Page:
Montessori and Mindfulness

"Mindfulness means paying attention in a particular way: on purpose, in the present moment, and nonjudgmentally."
- Jon Kabat-Zinn
“Mindfulness means paying attention in a particular way: on purpose, in the present moment, and nonjudgmentally.” – Jon Kabat-Zinn

By Paige Edwards, AMI Primary Guide

I have a confession to make: I know better than to bring judgement into a mindfulness practice, but I nevertheless consider myself a pretty mediocre meditator. It is a practice that I have built into each day for a while now, and I still have frequent experiences of mentally drifting to lesson planning, grocery lists, and self-critiques before I can even count ten breaths in and out. But it is a practice that has still helped me immensely as a parent, an educator, and a citizen in this modern world. And research supports my experience:  studies on mindfulness practice have shown that it reduces anxiety, decreases bias, potentially prevents and treats depression, increases body satisfaction, and improves cognition and focus (read more at 6 Scientifically Proven Benefits of Mindfulness and Meditation (Forbes.com)).

I imagine that there are varying levels of comfort and expertise with the word ‘mindfulness’ in our school community, and I recognize that it has become quite a buzzword in recent times. What do I mean by mindfulness, and what does it have to do with what we do here at Chesapeake Montessori School?

For the purposes of this article, I will defer to a few of the leading experts on the subject. Jon Kabat-Zinn says “mindfulness means paying attention in a particular way: on purpose, in the present moment, and nonjudgmentally.” Daniel J. Siegel adds that it includes “being sensitive to novelty in our everyday experiences.” Thich Nhat Hanh explains that “mindfulness shows us what is happening in our bodies, our emotions, our minds, and in the world.”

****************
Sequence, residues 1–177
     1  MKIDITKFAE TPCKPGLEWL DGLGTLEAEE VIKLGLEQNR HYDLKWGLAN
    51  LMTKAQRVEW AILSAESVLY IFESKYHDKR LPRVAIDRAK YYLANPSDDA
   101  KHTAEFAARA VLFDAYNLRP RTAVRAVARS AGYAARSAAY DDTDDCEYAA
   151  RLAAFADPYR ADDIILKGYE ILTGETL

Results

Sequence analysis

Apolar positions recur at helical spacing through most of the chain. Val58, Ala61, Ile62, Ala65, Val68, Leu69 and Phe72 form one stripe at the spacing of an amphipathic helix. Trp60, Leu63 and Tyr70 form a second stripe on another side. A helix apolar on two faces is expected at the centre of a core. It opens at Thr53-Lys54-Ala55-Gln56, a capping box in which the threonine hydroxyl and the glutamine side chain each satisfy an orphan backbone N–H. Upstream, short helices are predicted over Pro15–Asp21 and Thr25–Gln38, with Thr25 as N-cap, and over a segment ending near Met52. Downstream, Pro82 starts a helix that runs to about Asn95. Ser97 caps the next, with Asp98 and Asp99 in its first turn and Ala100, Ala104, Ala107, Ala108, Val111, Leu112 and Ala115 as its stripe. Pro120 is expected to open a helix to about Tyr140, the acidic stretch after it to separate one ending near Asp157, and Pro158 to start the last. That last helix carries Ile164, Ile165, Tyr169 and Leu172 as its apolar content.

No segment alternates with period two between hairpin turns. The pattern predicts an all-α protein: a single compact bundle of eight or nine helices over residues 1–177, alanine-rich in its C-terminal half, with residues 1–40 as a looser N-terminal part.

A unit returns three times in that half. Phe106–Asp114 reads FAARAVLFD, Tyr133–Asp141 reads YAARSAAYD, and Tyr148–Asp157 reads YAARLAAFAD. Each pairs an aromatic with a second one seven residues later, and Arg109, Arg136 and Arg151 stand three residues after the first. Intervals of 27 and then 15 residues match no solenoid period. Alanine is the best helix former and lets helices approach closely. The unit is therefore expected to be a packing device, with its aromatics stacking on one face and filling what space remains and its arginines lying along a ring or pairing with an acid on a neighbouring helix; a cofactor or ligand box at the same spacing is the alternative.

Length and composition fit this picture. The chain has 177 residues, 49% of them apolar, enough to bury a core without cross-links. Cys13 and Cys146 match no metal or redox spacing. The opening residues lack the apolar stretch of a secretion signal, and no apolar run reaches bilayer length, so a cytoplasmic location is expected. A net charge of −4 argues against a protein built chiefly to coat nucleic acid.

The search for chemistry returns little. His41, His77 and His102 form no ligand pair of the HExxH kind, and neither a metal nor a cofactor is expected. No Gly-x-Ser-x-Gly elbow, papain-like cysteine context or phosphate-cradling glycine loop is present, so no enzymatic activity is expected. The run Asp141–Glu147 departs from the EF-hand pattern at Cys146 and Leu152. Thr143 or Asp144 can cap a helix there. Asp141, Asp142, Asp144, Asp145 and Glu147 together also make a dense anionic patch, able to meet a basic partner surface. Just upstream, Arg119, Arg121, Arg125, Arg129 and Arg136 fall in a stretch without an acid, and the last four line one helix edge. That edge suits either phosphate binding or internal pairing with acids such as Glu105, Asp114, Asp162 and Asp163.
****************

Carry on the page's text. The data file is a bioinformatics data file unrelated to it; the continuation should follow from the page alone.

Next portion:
As someone who spends a lot of time with young children, it strikes me that this presence in the moment, this awareness of novelty, and this experiencing without judging (without putting “shoulds” on one’s experience) is a lot like how young children experience the world. Young children move at a different pace than adults, as evidenced each day when I try to leave the house with my children.  They experience things fully, and they become fascinated with a small insect or rock that we never even noticed.

“Mindfulness shows us what is happening in our bodies, our emotions, our minds, and in the world.” – Thich Nhat Hanh

A child is not rushed in her task. We recognize that young children do not value outcomes (getting the table clean) in the same way adults do; rather Ava is fully attentive to the process - in the moment - concentrating. In our lessons, we subtly draw attention to what we call "points of interest" (for example, we might point to the iridescent bubbles) to guide a child to notice and deepen her attentiveness to what she is experiencing in the moment.
A child is not rushed in her task. We recognize that young children do not value outcomes (getting the table clean) in the same way adults do; rather Ava is fully attentive to the process – in the moment – concentrating. In our lessons, we subtly draw attention to what we call “points of interest” (for example, we might point to the iridescent bubbles) to guide a child to notice and deepen her attentiveness to what she is experiencing in the moment.

See For Yourself

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Benjamin is putting his full attention on his fingertips - on the feeling of the slight differences in shape and texture of various small glass beads. He is sorting them by these very slight differences by using his sense of touch alone. This is quite challenging (even for me!).